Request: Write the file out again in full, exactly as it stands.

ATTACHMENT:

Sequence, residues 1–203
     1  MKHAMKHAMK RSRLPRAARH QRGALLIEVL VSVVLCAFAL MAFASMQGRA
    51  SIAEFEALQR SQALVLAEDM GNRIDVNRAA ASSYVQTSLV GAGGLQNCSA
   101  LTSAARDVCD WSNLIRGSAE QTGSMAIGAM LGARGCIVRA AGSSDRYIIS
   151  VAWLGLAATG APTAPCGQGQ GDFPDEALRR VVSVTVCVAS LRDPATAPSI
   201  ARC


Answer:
Sequence, residues 1–203
     1  MKHAMKHAMK RSRLPRAARH QRGALLIEVL VSVVLCAFAL MAFASMQGRA
    51  SIAEFEALQR SQALVLAEDM GNRIDVNRAA ASSYVQTSLV GAGGLQNCSA
   101  LTSAARDVCD WSNLIRGSAE QTGSMAIGAM LGARGCIVRA AGSSDRYIIS
   151  VAWLGLAATG APTAPCGQGQ GDFPDEALRR VVSVTVCVAS LRDPATAPSI
   201  ARC